Giant photos of the Allied soldiers who once patrolled Berlin that have been displayed at Checkpoint Charlie for years are being sold off by a German auction house next week.
The pictures were taken by photographer Frank Thiel in 1994, several years after the fall of the Berlin Wall and before British, French, Russian and US forces that had been stationed in Berlin since World War II were re-deployed.
They were installed at Checkpoint Charlie, a crossing point between East and West Berlin where soldiers from the rival sides in the Cold War would have stood.
It was the site of one of the tensest moments of the Cold War, when US and Soviet tanks faced off in 1961.
The photos -- stark individual portraits of young soldiers -- have themselves become a Berlin landmark.
Stefan Koerner, art expert at the Grisebach auction house that is selling the photos, said the images were "iconic" and could be popular with collectors or museums.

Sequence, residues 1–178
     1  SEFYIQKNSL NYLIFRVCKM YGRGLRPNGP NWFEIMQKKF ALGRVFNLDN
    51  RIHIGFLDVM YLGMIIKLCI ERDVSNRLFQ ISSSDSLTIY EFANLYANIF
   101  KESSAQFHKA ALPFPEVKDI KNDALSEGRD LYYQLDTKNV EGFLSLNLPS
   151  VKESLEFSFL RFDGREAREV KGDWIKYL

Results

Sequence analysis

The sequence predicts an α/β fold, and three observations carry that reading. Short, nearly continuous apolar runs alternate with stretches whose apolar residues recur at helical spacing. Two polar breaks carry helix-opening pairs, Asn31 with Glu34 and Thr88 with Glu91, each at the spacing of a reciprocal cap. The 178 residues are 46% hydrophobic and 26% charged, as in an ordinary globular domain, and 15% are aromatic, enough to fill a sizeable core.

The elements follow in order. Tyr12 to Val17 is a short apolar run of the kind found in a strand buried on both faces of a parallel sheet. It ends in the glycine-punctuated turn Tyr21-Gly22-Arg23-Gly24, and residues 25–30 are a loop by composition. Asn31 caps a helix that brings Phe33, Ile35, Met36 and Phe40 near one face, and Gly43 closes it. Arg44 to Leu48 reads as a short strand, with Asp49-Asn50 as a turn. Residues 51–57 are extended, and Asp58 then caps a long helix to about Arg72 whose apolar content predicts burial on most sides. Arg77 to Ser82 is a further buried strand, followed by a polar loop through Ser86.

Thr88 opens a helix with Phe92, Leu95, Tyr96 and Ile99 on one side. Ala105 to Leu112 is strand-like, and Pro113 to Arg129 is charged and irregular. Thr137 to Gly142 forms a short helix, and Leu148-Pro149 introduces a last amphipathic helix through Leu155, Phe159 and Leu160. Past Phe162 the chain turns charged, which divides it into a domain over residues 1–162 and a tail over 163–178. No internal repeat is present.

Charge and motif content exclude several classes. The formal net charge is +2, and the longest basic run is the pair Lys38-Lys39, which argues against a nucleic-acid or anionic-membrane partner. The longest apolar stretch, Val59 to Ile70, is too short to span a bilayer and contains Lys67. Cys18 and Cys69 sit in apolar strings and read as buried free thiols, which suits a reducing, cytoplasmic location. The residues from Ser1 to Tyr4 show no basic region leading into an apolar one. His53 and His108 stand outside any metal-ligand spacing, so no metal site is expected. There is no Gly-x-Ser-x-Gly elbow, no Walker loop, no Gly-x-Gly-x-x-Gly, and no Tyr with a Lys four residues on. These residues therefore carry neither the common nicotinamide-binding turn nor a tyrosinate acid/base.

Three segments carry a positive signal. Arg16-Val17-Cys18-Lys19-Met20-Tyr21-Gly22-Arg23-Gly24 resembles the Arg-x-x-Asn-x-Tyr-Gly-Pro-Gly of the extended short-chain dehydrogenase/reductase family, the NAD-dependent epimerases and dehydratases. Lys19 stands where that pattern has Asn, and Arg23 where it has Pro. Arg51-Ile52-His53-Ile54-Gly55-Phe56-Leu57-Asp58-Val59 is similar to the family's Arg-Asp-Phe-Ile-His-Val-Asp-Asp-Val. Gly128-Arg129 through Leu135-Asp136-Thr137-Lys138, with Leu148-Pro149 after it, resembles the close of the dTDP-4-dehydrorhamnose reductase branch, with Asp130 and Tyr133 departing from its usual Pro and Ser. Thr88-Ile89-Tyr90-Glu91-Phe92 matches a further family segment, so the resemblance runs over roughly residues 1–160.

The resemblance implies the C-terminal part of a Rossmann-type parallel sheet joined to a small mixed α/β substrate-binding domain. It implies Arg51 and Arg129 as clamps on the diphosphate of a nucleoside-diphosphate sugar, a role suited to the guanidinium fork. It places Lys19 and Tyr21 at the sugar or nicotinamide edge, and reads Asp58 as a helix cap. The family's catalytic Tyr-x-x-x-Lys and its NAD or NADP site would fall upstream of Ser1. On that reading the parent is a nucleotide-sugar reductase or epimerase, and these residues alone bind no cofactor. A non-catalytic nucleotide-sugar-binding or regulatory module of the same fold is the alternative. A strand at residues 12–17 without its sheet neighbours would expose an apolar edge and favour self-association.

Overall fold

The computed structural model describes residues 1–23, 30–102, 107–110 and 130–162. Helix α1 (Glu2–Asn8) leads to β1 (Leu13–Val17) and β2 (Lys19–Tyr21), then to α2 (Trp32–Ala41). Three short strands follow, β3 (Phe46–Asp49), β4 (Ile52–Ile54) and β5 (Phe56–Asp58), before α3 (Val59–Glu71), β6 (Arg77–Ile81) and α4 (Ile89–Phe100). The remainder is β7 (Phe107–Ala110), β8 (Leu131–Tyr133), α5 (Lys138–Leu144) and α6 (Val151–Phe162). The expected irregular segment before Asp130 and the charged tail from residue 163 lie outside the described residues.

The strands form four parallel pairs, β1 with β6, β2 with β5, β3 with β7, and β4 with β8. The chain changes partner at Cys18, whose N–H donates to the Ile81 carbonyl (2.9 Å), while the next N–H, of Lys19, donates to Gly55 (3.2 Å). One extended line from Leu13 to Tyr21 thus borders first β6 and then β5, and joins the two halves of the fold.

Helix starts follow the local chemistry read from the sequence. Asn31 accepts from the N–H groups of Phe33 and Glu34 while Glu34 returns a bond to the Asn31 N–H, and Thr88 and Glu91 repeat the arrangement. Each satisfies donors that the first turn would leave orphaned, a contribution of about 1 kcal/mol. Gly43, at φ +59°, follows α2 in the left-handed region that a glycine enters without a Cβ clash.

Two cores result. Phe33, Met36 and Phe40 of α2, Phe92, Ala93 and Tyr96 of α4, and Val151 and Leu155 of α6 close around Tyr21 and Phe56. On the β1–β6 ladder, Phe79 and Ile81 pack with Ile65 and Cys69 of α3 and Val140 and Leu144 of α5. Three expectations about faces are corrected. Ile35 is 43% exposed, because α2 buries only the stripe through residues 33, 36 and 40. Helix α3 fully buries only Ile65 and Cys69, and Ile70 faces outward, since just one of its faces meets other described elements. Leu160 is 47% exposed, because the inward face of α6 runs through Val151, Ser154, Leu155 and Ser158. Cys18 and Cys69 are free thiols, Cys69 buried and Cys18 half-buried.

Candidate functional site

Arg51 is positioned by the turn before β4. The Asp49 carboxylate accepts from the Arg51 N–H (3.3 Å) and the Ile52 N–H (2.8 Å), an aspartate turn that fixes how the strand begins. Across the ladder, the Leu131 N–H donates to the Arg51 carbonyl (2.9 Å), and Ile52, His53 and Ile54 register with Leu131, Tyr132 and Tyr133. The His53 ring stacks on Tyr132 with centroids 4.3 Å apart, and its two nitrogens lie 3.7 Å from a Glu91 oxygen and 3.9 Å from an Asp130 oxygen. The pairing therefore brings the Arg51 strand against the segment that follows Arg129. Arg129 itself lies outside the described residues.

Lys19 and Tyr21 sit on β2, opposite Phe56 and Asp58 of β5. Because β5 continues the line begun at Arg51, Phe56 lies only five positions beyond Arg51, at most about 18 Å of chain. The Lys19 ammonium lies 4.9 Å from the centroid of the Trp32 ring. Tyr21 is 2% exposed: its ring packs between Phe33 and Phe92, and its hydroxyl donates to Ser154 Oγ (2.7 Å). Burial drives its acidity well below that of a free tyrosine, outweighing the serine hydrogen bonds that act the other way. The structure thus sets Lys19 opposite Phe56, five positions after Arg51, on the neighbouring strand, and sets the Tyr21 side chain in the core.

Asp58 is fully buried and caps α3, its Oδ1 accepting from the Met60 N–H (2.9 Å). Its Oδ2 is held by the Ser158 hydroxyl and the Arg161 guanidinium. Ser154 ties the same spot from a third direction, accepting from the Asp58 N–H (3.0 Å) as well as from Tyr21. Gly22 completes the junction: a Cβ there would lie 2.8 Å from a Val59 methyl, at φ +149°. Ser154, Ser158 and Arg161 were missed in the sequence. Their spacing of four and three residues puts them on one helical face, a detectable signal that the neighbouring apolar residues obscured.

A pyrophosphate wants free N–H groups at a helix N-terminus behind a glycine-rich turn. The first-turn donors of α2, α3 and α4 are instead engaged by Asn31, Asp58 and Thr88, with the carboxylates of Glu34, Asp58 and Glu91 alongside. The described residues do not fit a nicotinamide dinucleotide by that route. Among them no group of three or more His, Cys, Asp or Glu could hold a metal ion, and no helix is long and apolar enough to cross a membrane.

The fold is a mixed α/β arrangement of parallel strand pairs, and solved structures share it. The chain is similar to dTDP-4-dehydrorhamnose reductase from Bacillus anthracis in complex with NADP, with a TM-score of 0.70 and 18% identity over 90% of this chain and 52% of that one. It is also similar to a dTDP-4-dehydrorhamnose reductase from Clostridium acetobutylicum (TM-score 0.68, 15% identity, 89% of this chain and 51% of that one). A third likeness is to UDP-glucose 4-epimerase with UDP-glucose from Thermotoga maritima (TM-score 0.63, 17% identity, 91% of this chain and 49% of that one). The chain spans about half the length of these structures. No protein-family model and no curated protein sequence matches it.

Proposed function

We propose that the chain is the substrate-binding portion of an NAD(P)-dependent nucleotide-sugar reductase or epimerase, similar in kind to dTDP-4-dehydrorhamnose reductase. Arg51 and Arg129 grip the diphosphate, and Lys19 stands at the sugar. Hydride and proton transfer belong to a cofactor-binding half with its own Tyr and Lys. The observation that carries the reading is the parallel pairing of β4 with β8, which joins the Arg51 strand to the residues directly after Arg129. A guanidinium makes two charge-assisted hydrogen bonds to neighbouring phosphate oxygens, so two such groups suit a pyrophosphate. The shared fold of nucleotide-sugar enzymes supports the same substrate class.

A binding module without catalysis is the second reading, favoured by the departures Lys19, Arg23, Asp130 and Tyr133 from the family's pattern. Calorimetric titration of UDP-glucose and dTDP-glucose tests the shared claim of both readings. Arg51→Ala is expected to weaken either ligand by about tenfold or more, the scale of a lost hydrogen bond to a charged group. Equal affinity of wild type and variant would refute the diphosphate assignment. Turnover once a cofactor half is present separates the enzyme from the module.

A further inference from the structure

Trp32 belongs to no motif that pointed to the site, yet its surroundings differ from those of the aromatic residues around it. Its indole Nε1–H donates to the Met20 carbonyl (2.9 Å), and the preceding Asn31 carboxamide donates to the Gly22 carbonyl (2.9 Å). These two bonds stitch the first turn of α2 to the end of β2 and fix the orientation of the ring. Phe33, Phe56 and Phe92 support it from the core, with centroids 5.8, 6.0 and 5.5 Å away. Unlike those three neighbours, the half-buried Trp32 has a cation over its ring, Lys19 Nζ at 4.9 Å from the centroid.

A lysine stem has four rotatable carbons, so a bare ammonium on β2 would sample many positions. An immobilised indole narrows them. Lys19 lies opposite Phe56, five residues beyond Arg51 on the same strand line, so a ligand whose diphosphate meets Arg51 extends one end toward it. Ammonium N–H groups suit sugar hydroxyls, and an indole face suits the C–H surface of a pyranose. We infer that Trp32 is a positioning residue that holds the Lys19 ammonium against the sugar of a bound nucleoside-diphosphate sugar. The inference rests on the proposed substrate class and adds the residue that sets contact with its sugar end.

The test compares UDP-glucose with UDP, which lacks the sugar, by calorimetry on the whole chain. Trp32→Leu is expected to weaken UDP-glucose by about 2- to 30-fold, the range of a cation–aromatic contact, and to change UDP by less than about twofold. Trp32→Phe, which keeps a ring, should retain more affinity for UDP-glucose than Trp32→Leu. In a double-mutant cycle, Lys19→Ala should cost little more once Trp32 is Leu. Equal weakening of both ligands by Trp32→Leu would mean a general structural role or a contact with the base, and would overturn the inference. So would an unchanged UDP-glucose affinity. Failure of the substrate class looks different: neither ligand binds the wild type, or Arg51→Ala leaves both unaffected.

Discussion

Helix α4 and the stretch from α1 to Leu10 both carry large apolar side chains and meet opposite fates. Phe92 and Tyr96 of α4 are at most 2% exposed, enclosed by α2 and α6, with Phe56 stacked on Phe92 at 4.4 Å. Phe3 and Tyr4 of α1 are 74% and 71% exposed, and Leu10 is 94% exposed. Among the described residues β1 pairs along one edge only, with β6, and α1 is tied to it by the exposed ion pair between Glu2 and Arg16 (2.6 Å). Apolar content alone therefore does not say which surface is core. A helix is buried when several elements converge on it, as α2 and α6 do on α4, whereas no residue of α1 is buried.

"It is a special joy to be showing this work on the 30th anniversary of the fall of the Berlin Wall," he told AFP on Wednesday.
The 12 works, which include images of Russian soldiers still wearing Soviet uniforms, are being auctioned with a starting price of 90,000 euros ($100,000).
Germany celebrated the 30th anniversary of the fall of the Berlin Wall on November 9.
Ahead of the celebrations, Berlin authorities banned actors who stand at Checkpoint Charlie in military uniforms pretending to be soldiers for tourists.
The ban came after plainclothes police found that tourists were being pressured to offer a "donation".
Thiel's photos will remain as a visual reminder of the Cold War history of the once-divided city.
Large pictures taken by photographer Frank Thiel in 1994 of Allied troops who patrolled Berlin will go up for sale